We hope that in the spirit of NoGSME doctoral courses given at other universities will also be open to all students in NoGSME. Announcement of such courses can still be done via the NoGSME emailing list. Material can be sent to me for further information. For information about NoGSME and activities see www.nogsme.no.
NoGSME is also grateful to Jo Boaler at Sussex University and her colleagues in UK for offering a workshop on classroom research in mathematics education, which has attracted interest from many Nordic doctoral students. The workshop runs over a couple of days rather late in spring. Another upcoming yearly event is the 10th conference Teaching mathematics: retrospectives and perspectives that will be held May 14–16, 2009 at Tallinn University, Institute of Mathematics and Sciences. This year the conference will be followed by a one day research seminar on May 16 with participants from the Nordic countries. Information regarding the Conference will be updated on the conference web-page http://www.tlu.ee/bcmath2009.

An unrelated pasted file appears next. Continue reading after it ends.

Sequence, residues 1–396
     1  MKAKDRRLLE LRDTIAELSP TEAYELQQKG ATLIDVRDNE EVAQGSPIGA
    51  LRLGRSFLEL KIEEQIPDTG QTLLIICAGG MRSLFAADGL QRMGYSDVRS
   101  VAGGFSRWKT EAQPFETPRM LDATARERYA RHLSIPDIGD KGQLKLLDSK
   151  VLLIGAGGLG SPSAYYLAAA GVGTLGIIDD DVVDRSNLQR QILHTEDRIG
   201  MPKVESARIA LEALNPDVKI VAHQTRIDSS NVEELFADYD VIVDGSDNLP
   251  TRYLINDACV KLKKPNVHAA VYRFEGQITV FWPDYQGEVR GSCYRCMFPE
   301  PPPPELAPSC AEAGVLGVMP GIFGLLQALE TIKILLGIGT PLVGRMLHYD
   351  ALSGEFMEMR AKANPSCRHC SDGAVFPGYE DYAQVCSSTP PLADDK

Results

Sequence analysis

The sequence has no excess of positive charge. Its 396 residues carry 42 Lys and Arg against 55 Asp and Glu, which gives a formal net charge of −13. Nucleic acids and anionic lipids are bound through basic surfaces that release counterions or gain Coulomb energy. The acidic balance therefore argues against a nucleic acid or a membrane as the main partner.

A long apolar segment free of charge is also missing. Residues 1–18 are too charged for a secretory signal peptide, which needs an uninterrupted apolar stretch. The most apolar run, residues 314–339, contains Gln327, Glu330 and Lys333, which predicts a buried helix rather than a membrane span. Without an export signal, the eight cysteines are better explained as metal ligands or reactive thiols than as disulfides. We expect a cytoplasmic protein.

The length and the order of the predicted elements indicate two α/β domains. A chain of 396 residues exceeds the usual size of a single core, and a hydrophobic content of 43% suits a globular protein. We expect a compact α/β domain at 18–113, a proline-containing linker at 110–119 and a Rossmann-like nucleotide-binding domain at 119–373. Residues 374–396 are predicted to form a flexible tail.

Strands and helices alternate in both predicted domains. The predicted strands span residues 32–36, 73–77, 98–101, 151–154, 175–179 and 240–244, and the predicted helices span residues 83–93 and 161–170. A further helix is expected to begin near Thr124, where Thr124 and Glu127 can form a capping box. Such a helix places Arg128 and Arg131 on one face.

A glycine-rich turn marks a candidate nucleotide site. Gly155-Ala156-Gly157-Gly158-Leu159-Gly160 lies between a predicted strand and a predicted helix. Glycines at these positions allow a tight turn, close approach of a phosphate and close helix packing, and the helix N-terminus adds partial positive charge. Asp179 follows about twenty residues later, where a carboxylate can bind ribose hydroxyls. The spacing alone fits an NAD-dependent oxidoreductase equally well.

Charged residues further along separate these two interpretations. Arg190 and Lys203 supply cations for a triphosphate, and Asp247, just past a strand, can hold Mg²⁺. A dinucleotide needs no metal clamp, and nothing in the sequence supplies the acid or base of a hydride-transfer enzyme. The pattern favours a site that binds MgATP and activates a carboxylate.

Director of NoGSME
University of Agder